The DNA of RWD
Last time we looked at the wider evolving landscape for health informatics and the relevance for the pharmaceutical business model. This article looks at the provenance of real world data (RWD) in the UK and the intrinsic challenges that need to be solved for its full potential to be realised.
Beneath the tidal wave of interest in RWD there are important issues to consider which will help put its use into perspective. A lot is at stake as, in addition to life science applications, RWD is being made available to clinicians, commissioners and the public.
RWD is a spectrum of health data sources that record some series of events. The potential use of these data sets is only beginning to be realised; there is virtually no aspect of healthcare that will be untouched by better analysis and communication of data. In the UK we are fortunate to have a national health system and the academic and commercial curiosity and expertise that place us as one of the leaders in global supply and applications of RWD. To make RWD succeed we need unified strategic objectives, holistic oversight and realistic deadlines or we will extend the timeframe of delivery substantially.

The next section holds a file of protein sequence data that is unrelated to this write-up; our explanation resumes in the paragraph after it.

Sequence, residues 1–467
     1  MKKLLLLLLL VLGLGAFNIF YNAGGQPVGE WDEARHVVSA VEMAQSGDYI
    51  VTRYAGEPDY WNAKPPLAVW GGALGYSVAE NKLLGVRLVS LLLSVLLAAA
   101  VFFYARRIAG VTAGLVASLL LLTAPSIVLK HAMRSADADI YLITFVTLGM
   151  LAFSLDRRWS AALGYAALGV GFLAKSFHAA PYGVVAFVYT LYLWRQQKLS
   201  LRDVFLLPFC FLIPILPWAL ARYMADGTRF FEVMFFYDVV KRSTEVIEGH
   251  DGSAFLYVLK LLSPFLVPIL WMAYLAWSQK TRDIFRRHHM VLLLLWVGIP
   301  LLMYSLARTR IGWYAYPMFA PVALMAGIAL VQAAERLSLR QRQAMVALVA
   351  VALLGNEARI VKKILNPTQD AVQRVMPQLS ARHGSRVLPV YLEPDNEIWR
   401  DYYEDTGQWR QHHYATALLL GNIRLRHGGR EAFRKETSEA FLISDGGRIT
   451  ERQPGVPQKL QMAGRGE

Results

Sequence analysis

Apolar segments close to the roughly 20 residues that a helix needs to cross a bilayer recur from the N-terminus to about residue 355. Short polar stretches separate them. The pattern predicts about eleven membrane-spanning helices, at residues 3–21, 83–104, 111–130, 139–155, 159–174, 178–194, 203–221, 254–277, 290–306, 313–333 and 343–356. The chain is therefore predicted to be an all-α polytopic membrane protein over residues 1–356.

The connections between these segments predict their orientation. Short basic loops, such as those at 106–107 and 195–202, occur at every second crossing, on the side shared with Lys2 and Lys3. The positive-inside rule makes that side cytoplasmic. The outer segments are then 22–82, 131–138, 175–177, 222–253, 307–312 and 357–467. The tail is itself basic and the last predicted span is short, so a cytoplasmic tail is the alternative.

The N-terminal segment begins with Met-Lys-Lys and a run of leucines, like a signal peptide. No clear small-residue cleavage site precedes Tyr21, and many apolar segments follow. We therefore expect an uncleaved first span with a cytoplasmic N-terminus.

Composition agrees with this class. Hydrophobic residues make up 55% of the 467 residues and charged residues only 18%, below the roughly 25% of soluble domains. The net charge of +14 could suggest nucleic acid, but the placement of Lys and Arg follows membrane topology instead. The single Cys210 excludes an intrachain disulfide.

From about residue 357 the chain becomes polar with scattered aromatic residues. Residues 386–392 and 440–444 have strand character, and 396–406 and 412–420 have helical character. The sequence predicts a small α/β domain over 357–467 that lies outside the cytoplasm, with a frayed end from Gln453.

There are tens of thousands of databases that collectively catalogue the status of the population’s health and the care it receives. Some are substantial, such as the Clinical Practice Research Datalink (CPRD), while others may be condition specific, parochial or represent a small group of people. Whatever the dataset, the foundation for usability is the same – records that are as complete, accurate and interoperable as possible. Moreover, if we are to link data sets between domains, for example GP electronic medical records (EMR) to hospital records and increase power by combining global data sets, standards of structure and terminology must be addressed.
In addition to the established medical data sets we must also consider emergent sources of health intelligence such as social networks and search engine term analysis. These patient driven sources are unstructured at the moment but there is no reason why structure could not be introduced to make the analysis more meaningful. An example is the lexicon of healthcare. While we have numerous professional medical terminologies there is no recognised patient lexicon or ontology. This becomes even more important when we consider patient access to EMRs.